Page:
Impact crushers operate on the principle of accelerating the rock to a high speed and causing it to impact against a target which will cause the rock to fracture. There are essentially two types of impact crushers: autogenous impact crushers and anvil impact crushers. The autogenous variety uses a bed of the same material that is being broken or crushed as the target area so that the rock which is accelerated impacts against other rock of the same type. Anvil type impact crushers utilize a hard target such as manganese steel as the target area.
The autogenous and anvil types of impact crushers are used for different purposes. Autogenous crushing is used primarily for reshaping rock which is already approximately the right size. It is most frequently used on wash gravel or natural rock which is smooth and needs to be reshaped with flat faces so that it can be used as aggregate in concrete and the like. Autogenous crushing also produces a large number of fines so that most of the product of autogenous breaking or crushing is at the two extreme ends of the product size spectrum.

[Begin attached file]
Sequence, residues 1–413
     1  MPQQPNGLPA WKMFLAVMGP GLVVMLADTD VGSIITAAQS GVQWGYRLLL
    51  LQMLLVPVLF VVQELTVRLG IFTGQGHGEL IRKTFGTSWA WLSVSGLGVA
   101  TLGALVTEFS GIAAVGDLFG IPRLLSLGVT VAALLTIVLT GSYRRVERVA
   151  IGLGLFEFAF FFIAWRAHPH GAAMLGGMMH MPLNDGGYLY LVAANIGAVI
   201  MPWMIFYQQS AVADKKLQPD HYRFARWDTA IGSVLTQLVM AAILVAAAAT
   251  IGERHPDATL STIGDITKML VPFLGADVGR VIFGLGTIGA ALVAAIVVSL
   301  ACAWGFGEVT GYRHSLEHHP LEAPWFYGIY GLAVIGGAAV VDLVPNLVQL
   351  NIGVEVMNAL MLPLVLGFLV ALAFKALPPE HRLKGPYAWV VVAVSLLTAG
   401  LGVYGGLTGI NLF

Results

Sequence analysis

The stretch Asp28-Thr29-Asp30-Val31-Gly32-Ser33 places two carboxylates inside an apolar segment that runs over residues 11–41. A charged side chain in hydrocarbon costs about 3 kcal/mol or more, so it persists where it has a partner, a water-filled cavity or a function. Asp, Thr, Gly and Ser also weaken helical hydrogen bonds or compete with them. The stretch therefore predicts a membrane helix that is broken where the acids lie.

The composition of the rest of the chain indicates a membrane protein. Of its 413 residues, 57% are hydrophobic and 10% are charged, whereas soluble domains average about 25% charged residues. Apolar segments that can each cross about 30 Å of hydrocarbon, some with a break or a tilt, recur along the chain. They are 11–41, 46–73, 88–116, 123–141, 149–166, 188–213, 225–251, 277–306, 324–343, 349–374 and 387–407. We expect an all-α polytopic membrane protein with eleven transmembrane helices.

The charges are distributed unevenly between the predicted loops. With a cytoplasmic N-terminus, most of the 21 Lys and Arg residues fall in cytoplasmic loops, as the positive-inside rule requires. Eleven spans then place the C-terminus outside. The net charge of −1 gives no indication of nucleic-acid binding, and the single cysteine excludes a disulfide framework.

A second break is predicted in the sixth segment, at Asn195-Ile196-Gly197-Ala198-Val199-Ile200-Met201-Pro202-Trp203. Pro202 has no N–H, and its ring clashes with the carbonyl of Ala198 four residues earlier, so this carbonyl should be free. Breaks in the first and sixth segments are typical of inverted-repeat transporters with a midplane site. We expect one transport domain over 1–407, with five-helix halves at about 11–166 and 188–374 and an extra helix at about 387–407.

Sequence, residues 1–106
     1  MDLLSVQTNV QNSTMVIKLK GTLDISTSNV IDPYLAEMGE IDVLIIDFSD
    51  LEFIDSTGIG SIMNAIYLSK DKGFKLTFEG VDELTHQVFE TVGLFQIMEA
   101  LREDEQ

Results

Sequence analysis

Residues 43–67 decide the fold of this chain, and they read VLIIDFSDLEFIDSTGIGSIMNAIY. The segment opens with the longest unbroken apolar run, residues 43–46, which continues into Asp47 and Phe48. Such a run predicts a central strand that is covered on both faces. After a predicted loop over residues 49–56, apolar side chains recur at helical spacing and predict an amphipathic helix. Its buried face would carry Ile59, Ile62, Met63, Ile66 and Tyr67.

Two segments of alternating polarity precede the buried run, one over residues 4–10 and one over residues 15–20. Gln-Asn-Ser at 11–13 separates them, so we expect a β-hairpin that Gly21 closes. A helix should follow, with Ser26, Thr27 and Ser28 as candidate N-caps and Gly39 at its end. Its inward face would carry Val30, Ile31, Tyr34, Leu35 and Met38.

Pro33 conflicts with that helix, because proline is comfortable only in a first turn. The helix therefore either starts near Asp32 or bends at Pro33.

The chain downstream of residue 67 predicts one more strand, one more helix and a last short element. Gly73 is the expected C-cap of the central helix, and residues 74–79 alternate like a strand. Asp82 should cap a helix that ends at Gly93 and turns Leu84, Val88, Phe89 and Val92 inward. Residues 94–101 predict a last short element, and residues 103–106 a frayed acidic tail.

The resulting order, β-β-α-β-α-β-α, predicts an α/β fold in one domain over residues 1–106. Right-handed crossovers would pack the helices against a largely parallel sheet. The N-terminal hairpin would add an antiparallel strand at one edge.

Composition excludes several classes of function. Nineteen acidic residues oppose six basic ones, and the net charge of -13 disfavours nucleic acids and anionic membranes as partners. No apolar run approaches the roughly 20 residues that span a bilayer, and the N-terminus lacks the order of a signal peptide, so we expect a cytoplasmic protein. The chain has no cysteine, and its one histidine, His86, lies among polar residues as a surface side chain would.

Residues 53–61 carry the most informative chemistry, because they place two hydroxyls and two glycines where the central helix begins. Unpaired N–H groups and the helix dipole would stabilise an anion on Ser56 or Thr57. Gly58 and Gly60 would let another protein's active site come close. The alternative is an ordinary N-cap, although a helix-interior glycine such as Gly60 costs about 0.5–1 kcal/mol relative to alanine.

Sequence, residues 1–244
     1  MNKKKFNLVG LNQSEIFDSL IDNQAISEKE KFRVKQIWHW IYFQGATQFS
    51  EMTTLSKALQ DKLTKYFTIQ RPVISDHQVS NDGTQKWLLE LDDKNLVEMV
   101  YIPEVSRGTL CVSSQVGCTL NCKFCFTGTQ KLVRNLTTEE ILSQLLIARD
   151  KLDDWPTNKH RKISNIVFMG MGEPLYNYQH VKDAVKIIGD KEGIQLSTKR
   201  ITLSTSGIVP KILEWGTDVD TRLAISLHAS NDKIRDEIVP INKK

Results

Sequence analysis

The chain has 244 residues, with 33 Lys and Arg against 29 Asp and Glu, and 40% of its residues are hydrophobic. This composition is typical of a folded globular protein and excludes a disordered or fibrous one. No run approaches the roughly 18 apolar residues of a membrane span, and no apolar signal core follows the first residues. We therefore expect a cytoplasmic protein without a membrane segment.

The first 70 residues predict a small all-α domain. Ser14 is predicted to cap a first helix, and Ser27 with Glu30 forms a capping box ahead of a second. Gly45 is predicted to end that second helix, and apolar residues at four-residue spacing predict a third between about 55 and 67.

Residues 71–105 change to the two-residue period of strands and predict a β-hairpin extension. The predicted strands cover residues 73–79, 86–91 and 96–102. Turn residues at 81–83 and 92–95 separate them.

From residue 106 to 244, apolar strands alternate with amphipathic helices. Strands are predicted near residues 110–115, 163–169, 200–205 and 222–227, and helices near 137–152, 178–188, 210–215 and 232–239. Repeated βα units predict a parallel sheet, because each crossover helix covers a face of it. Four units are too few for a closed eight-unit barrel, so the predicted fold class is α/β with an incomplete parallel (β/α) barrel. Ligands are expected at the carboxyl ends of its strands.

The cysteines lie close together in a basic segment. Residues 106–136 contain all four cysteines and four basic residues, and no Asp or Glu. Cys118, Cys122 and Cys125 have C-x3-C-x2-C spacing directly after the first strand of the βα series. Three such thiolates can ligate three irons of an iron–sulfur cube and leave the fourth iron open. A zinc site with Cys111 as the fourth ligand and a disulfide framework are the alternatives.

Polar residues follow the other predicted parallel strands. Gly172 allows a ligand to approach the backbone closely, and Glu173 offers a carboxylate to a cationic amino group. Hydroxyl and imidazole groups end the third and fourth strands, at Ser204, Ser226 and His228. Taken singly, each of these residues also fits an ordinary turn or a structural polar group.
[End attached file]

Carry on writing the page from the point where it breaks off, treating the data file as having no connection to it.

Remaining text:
Anvil breaking, on the other hand, produces a shattering action on the rock so that the majority of the product is near the central region of the product size distribution spectrum. Anvil breaking is used primarily to reduce the size of the input rock rather than to reshape rock which is already approximately the correct size.
Impact rock crushers are often mounted on trailers for transportation from site to site so that rock may be crushed at the location where it is needed. However, in the past, it has been necessary to use an autogenous crusher for autogenous crushing and to use an anvil crusher for anvil crushing. This has increased the equipment capital costs substantially and reduced efficiencies which could have been obtained by using the same machine for both types of crushing.